British Columbia

Got food? These orphaned bear cubs are hungry

Twenty hungry bear cubs at a northern wildlife shelter need sustenance to get through the summer — and a group of volunteers that includes gardeners, truckers, and apple pickers is stepping up to help. 

Northern Lights wildlife shelter needs fruits and vegetables to feed 20 black and grizzly bear cubs

The number of bear cubs at the Northern Lights Wildlife Society has more than doubled since last year. (Northern Lights Wildlife Society/Contributed )

Twenty hungry bear cubs at a northern wildlife shelter need sustenance to get through the summer — and a group of volunteers that includes gardeners, truckers, and apple pickers is stepping up to help. 

The number of cubs at the Northern Lights Wildlife Society has more than doubled since last year, according to Angelika Langen, the shelter's founder and manager, who has been rehabilitating bears and returning them to the wild for 28 years.

Instead of the usual eight cubs, the wildlife shelter in Smithers, B.C., is now caring for 18 black bear cubs and two grizzly bear cubs from across northern B.C. And that number is expected to rise in the fall.

The shelter needs food donations year-round. But with so many mouths to feed right now, the non-profit is spending almost $200 a day on apples, cantaloupes, carrots, and grapes.  

'Whatever people grow in their garden ... we can use'

"If people can spare berries or cherries or zucchini," said Langen. "Whatever people grow in their garden outside of potatoes, we can use."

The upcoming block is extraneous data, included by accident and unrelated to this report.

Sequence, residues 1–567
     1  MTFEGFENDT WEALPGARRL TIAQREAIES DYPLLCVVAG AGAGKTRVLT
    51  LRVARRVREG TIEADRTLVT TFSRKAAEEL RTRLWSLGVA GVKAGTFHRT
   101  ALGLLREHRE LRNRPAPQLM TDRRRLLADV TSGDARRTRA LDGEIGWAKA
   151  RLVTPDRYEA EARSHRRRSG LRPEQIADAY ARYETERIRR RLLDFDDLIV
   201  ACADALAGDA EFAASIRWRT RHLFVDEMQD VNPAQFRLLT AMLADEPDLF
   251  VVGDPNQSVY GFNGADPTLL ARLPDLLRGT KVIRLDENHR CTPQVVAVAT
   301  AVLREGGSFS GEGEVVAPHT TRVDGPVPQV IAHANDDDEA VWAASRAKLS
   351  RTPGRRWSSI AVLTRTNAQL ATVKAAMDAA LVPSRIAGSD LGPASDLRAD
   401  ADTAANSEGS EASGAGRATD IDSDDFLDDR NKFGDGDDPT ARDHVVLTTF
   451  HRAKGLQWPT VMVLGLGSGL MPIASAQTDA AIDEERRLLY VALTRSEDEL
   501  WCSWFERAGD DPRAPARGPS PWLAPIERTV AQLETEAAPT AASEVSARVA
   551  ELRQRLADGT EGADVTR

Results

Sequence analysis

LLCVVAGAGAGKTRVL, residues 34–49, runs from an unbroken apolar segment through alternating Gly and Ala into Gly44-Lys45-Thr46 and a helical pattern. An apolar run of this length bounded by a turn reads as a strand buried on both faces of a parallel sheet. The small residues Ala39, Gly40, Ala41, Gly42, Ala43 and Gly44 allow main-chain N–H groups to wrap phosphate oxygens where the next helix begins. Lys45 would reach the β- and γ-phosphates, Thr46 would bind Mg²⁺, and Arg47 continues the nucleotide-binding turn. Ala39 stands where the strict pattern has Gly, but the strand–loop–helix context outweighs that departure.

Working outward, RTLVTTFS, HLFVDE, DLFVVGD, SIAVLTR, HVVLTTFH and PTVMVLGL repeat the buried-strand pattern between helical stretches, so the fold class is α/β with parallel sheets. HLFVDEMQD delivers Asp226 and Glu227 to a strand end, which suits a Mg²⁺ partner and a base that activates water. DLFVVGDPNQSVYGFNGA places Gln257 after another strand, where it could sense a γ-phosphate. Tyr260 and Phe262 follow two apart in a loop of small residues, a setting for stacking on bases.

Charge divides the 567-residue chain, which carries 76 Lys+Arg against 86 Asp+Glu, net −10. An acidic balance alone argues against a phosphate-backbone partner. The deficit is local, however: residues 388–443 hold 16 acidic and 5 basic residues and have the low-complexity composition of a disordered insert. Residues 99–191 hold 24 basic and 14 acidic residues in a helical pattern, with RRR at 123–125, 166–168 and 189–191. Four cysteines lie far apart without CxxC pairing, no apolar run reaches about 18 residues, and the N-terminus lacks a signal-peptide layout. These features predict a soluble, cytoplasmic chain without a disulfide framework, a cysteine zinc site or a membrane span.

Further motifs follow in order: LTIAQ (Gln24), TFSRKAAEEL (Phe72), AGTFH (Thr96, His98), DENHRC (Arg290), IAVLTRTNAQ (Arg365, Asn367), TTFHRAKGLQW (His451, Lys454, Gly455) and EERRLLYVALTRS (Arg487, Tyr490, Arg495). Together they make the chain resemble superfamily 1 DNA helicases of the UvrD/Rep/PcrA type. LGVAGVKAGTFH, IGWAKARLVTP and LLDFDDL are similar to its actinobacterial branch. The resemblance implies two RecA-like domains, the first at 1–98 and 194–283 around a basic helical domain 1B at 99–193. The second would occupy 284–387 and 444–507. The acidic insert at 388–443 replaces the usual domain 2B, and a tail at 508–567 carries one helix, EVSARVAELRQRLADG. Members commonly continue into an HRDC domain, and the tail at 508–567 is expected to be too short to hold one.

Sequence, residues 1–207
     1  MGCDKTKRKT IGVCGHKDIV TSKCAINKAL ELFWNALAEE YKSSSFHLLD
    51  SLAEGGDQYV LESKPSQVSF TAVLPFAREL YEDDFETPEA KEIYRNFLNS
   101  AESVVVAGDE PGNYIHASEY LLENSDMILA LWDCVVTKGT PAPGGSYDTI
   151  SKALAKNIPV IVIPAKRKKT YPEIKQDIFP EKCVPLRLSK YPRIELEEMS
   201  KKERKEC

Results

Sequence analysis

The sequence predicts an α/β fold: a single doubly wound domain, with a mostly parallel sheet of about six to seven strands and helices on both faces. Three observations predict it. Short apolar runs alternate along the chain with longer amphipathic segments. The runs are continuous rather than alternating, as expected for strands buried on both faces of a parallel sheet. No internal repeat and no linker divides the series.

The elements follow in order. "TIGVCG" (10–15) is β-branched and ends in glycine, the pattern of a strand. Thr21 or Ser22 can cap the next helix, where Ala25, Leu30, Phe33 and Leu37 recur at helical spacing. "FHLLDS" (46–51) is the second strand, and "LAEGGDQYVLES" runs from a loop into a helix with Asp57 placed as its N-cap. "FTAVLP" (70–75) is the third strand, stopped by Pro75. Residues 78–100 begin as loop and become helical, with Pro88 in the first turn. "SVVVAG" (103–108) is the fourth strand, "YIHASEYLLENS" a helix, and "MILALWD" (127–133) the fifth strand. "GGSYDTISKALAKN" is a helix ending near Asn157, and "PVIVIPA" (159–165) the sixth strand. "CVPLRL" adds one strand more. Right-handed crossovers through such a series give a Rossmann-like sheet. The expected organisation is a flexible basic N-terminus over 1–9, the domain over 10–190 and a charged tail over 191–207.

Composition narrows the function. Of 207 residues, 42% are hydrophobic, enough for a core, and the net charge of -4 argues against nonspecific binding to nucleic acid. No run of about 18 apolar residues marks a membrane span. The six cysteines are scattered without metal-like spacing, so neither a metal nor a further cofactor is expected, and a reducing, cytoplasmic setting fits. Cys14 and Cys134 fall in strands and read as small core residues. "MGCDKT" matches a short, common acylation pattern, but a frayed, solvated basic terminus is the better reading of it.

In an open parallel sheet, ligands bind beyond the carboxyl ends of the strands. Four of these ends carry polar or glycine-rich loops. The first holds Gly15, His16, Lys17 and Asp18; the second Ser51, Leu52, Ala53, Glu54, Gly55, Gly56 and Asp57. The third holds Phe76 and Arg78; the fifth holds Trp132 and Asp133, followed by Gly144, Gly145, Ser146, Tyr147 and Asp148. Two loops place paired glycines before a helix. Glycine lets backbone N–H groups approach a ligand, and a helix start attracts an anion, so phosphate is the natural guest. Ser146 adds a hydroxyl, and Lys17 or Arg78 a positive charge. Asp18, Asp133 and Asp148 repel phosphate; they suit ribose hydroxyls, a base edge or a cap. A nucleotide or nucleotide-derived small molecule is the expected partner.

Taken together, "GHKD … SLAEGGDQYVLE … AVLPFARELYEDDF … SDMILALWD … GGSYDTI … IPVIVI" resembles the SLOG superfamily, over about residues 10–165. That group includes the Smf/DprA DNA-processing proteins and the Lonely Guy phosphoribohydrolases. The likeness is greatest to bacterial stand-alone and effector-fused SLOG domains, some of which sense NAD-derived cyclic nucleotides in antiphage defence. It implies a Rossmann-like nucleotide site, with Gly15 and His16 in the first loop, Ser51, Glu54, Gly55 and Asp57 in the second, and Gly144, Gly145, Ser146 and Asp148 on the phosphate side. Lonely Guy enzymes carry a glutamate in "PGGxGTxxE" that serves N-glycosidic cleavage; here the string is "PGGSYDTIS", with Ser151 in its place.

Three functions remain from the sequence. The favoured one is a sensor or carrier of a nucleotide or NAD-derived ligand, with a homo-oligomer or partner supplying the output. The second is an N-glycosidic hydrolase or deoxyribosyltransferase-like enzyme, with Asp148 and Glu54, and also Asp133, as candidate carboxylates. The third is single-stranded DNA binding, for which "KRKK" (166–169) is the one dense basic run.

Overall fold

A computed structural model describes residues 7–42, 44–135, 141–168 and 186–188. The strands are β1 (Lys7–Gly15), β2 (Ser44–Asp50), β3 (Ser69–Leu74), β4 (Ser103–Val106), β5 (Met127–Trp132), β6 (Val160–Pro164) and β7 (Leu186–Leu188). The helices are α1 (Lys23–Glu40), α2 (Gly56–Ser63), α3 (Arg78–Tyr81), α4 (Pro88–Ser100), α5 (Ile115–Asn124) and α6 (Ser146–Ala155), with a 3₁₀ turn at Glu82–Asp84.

The orphaned cubs also need to eat fish and unprocessed meat, she said. The youngest cubs eat oatmeal. 

A bear cub at a northern wildlife refuge feasts on donated berries trucked in by a local company. (Northern Lights Wildlife Society/Contributed )

Many orphaned bears lose their mothers to road collisions, said Langen. Other bears are destroyed if they become bold and pushy around properties inhabited by humans.

Often, those bears are attracted to places where residents haven't properly contained food that bears like such as bird seed and apples.

Crystal Beddome doesn't even own a fruit tree, but the Prince George woman has collected several tons of apples for the bears over the last few years.

Beddome is spurred on by the hope the orphaned and injured cubs will get enough to eat before they hibernate.

So she helps other people pick fruit from their trees and solicits garden donations from people in Prince George.

"The response has been overwhelming," said Beddome, who has set up fruit intake bins at her workplace and sends out about 226 kg of apples a day.

The fruit can't be rotten or unripe. And it has to be securely packed in cardboard boxes for transport to Smithers. 

Truckers ferry fruit and orphaned cubs

The fruit freight gets hauled for free by Ray Bandstra's Smithers-based trucking company.

The president of Bandstra Transportation Systems says his truckers first started helping the shelter when they shuttled orphaned bear cubs from the wilderness to the wildlife refuge in the back of their 18-wheelers.

Crystal Beddome helped pick and gather apples to donate to orphaned bear cubs at a refuge in Smithers, B.C. Her Prince George workplace has set up donation bins, and a trucking company delivers the fruit for free. (Crystal Beddome/Contributed)

"The cubs would be in a small cage in the back of the trailer and the driver would just check on it once in a while," Bandstra said. 

His trucks normally haul building supplies, auto parts, and mine supplies. Now, in addition to carting cubs, the trucks are delivering the bears' meals to their door. 

"We help out wherever we can see a need," said Bandstra.

ABOUT THE AUTHOR

Betsy Trumpener

Reporter-Editor, CBC News

Betsy Trumpener has won numerous journalism awards, including a national network award for radio documentary and the Adrienne Clarkson Diversity Award. Based in Prince George, B.C., Betsy has reported on everything from hip hop in Tanzania to B.C.'s energy industry and the Paralympics.

Sarah Penton

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